Madras in the 1920s. The British are slowly losing the grip on the subcontinent. The end of the colonial enterprise is in sight and the city on India’s east coast is teeming with intrigue. A grisly murder takes place against the backdrop of political tension and Superintendent Le Fanu, a man of impeccable investigative methods, is called in to find out who killed a respectable young British girl and dumped her in a canal, her veins clogged with morphine.
As Le Fanu, a man forced to keep his own personal relationship a secret for fear of scandal in the face British moral standards, begins to investigate, he quickly slips into a quagmire of Raj politics, rebellion and nefarious criminal activities that threaten not just to bury his case but the fearless detective himself.
The first Detective Le Fanu Adventure, A Madras Miasma, tells a classic tale of murder, corruption and intrigue with a sharp eye on British colonial politics and race relations. It is a story that, like its main protagonist, has its heart firmly in the right place.
Praise for A Madras Miasma:
"As one would expect from a distinguished Australian academic who has written and lectured on the subject of Indian history, the background is effortlessly convincing. In Le Fanu, Stoddart has created a character with huge potential for development, both as a person and as a witness to momentous historical events. In purely technical terms, the plotting of the book is as impressive as the narrative style, and the description of the bloody end to the industrial protest is as gripping as anything I have read in a long while. The ending is very clever without being showy, and I will certainly be on the lookout for the next chapter in the career of Christian Jolyon Brenton Le Fanu, MC." - Crime Fiction Lover blog.
Brian Stoddart’s debut novel takes us to India after the First World War. India is fast approaching a period of upheaval and change as the fledgling nationalist movement starts agitating for reforms and a greater say in their own affairs. The Colonial masters are resisting. A dead European woman is discovered in a canal.
I have to be honest and say that I approached the book with a small bit of hesitation as I’m more used to reading books with a more contemporary setting. After maybe 10 pages, my doubts were dispelled as Stoddart’s main character, Detective Le Fanu and his back up, Sergeant Habibullah quickly drew me into this tale of murder with the subsequent investigation and life in 1920’s Madras.
Le Fanu, our lead is a veteran of the Great War and is the most interesting character I’ve spent time with this reading month. He possesses an inherent decency; a trait particularly apparent in his dealings with Habi, his underling – a Muslim policeman who he treats almost as an equal. The unevenness emanating solely from the difference in their ranks, rather than anything related to colour or religion. The contrast with most of the European elite, with their casual racism couldn’t be starker. Life amongst the business community and ruling classes mainly revolves around cricket, golf or drinks at the club whilst furiously gossiping and complaining about everything, particularly Le Fanu and his pressured boss, Inspector-General Wilson.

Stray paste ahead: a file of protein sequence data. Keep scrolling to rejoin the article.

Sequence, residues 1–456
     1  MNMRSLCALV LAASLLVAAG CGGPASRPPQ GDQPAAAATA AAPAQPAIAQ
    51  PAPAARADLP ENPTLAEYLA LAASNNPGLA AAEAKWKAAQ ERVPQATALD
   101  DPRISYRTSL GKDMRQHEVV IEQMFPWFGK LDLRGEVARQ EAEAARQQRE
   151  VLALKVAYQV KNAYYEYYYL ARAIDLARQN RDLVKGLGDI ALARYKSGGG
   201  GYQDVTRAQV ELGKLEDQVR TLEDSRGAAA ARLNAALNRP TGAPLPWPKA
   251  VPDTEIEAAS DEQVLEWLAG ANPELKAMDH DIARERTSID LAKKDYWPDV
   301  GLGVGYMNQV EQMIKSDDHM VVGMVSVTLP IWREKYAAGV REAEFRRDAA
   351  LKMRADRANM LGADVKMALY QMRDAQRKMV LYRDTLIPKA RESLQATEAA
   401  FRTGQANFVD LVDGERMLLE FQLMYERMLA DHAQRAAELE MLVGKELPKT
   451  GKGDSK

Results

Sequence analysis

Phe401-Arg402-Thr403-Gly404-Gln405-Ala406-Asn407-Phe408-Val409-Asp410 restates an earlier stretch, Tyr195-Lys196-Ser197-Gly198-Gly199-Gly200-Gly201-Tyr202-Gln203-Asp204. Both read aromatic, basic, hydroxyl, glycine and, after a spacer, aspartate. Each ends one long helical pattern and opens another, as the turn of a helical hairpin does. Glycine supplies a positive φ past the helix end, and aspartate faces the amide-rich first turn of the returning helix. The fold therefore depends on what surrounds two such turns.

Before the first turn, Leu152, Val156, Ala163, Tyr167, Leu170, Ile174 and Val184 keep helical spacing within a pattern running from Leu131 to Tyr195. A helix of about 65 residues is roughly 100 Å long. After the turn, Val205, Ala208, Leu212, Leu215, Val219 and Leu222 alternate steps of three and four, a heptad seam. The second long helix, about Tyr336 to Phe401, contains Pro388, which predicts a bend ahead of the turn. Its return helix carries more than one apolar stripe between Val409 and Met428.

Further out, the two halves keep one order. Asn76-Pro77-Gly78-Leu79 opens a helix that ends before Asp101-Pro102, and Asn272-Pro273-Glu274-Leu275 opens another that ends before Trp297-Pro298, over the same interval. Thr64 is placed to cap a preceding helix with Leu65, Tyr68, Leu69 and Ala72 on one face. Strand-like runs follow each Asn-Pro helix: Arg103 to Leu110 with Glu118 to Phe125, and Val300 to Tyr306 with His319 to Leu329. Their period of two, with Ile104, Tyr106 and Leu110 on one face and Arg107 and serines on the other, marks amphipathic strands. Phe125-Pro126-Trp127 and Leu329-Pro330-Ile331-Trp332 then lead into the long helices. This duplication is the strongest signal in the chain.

I’m reluctant to elaborate too much on the story, I’d rather recommend you read it yourselves. It ticked every box for me. Setting, characters, mystery, pace, resolution – all spot on.
Stoddart’s depiction of Madras and his portrayal of the disparity in circumstance between the local inhabitants and the elite was fascinating. It’s a city where few secrets can be kept, and the gossip spreads faster than the traffic.
Le Fanu, Habi, Arthur Jepson, Wilson, Ro, Virginia Campbell - interesting characters all of them and strong support for Le Fanu. Some of the scenes where Jepson and Le Fanu interact and where Le Fanu encounters Campbell in the early stages of the investigation are humourous and inject some light relief without ever reducing the narrative to comedy. They were a lot of fun to read and I would imagine fun to write.
The investigation as it unfolded was enjoyable to follow and credible. The author balances the pace superbly, getting us to the final destination quickly enough, but with time to enjoy the scenery on the way; providing us with details of Le Fanus’ past and present and a possible glimpse of his future, as well as offering a view of a fascinating time in India’s history.
The good news is - there is a second Detective Le Fanu book on its way soon – The Pallampur Predicament.
Many thanks to author Brian and Emily at Crime Wave Press for sending me a copy of this for review. Crime Wave are a small publishing house located in Hong Kong. They mainly concentrate on mysteries with an Asian flavour, but I believe are extending their scope in the future. Their website is here.
Brian Stoddart is an Australian academic with about 15 non-fiction books to his name. There’s a brief author biography on Crime Wave’s site. Click here.